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Thursday, December 03, 2015

Introducing A Clueless Woman by TB Markinson

TB Markinson is no stranger to this blog. I've told you about her book launches before and even recommended her book The Miracle Girl earlier this year. Today I'm helping her celebrate her brand new book (which is FREE for download today). Check out this beautiful cover:

And here's all you need to know about it before you click over and download your own FREE copy!


Graduate student Lizzie Petrie feels more comfortable around books than people. Although an expert in the Hitler Youth, she’s a novice in love. Her former lesbian lover is blackmailing her, and not even those closest to Lizzie know the full story of their abusive relationship.

When visiting high school English teacher Sarah crosses Lizzie’s path at the campus, their attraction is instant, but not without complications. As they start to spend more time together, suspicions arise from both women in this sexy piece of LGBT fiction.

Plenty of good-natured teasing takes place between lovers as well as between PhD students in this lesbian contemporary romance. No relationship path ever runs smoothly, and oftentimes, those who can’t keep their mouth shut hasten necessary confrontation.

Lizzie finds herself buried in a mess of lies in this romantic comedy. The harder she tries to keep Sarah and the rest of her friends from finding out the truth about her first girlfriend, the more endearingly clueless she becomes.


T. B. Markinson is an American writer, living in England. When she isn’t writing, she’s traveling the world, watching sports on the telly, visiting pubs, or taking the dog for a walk. Not necessarily in that order.

Get the first book in the series, A Woman Lost, for FREE by signing up to TB’s Readers’ Group here.


Wednesday, December 02, 2015

IWSG: The True Secret About Writers and Marketing

It's the first Wednesday of the month, which means hundreds of us will be posting about our insecurities. If you're a writer, join in!

From the time you first decide to write a book to the day you see it on shelves (or on Amazon), some time passes. During that time, you work hard to land an agent, get a publishing deal, or take the steps you need to take to self publish.

During all that time, do you spend one second thinking about how you'll promote it once you do get a book deal? If you're like me, the answer is...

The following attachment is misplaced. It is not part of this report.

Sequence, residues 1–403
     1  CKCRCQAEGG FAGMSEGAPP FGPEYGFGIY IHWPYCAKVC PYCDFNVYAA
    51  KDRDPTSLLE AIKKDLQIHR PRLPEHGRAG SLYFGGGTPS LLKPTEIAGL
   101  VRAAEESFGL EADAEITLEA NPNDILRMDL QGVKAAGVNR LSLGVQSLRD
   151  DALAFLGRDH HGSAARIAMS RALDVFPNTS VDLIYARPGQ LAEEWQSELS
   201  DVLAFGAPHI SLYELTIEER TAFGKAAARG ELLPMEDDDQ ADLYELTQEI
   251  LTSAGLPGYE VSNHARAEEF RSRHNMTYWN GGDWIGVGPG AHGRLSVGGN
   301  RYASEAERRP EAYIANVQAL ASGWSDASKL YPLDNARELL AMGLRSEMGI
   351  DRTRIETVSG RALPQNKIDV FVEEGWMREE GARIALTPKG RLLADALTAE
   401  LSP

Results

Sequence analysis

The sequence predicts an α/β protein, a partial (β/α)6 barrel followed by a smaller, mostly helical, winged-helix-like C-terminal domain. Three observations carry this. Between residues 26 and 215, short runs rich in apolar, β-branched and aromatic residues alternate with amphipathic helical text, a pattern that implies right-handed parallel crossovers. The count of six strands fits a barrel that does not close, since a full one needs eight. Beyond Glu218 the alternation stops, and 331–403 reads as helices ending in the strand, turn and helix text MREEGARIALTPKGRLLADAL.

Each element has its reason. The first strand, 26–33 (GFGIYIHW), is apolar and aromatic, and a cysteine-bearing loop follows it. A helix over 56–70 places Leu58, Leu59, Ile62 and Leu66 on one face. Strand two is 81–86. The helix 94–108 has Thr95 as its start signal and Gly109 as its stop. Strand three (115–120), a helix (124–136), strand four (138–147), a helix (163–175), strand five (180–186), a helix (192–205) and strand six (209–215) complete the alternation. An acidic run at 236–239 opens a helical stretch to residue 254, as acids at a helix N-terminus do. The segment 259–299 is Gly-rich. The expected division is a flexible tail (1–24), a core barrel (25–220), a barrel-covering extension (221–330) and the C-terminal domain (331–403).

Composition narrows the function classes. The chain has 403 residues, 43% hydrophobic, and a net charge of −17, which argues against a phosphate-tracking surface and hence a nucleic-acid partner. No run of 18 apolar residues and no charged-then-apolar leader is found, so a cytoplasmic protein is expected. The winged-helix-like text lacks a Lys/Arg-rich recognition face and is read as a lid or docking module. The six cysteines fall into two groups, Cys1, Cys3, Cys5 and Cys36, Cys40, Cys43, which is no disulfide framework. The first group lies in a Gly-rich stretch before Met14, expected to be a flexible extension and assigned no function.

"Published book" is the end goal. Then you assume you'll be worried solely about getting more published books out there. Your books will, of course, magically fly off shelves and become bestsellers overnight.

Once you've finished celebrating your book deal and the big release day gets closer, you realize you are supposed to magically know what to do. There's no blueprint to promoting this thing and all the writers' conferences in the world don't really help. Most writers' conferences are focused on getting published, not being published.

So you watch other published authors on social media. Meg Cabot is on a tour of Germany. Maybe your publisher will send you on one of those.

You soon realize your publisher isn't flying you to some exotic location. So you schedule a booksigning or four. That's what you're supposed to do, right? At your first booksigning, though, four people show up. They're all related to you.

You watch social media a little longer. Every other author seems to be constantly promoting. They're leading workshops at conferences and hanging out at bookfairs and doing TV interviews. How did they get TV interviews? do the same. You sell about three books at each one and wonder if it's worth it.

You eventually learn the secret of writers and book marketing. None of us has any idea what we're doing. No idea whatsoever. We're basically throwing things at the wall to see what sticks. Either you're scrambling to sell one book or you're just doing what your publisher put in your contract that you had to do because there are a few people somewhere who don't know you have a book out.

Wherever you are in your publishing journey, at least you aren't alone. We're all just trying to figure it out! There's comfort in that, I suppose.

Monday, November 30, 2015

Don't Email Me About Your Blog

Earlier this year, I participated in a group blog hop. I thought it might help, but mostly it was a waste of time. These things usually are...for one big reason:

Okay, maybe most of the people reading this blog do. Because my readers are smart. But raise your hand if you've participated in a blog hop.

Now raise your hand if you read any of the other blogs participating in that blog hop.

Which brings me back to the story about the blog hop. The host seemed extremely concerned that we all not be no-reply bloggers. I have no idea what that meant, but I was told soon into it that I was one. So I fixed it...and guess what happened?

I still don't know the specifics of "no-reply blogging," but it seemed to somehow mean that if you are one, people can't email to respond to the comments you have left on their blogs. Email. Let me repeat my above graphic...

When I participate in a blog hop (including IWSG), I make a point of reading as many blogs as I can that day. I just go through the list and read and comment. If you want to have me as a new reader, you need to click on the link and comment my blog. That's how you get added to my regular blog-reading rotation. If you email me to say, "Thank you for commenting my blog," guess what? This is me:

Am I supposed to email back? Become email pen pals? Because...excuse me...but I thought we were reading each other's blogs here. I just am so confused. So about 30 minutes into the blog hop, the answer to this question...

...was once again "YES!" I immediately stopped getting annoying spam mails. The result was I participated in a blog hop full of people who wanted pen pals, I guess, because I don't think I met a single person whose blog I still read today.

I think you guys know ignore it. Maybe someone will stumble on it while Googling, "Why are so many people no-reply bloggers?!" But here's the thing. The next time you participate (or even SEE) a blog hop, go through and leave comments on all the interesting blogs you see there. If anyone new comments your blog, read their blog and comment back. It's how you build a readership. It's worked for me since 2006 when I was blogging on MySpace. Emailing thank-you notes to people who comment your blog...well, I'm not sure what that accomplishes...except maybe being seen as polite?

How do you build your own blog readership?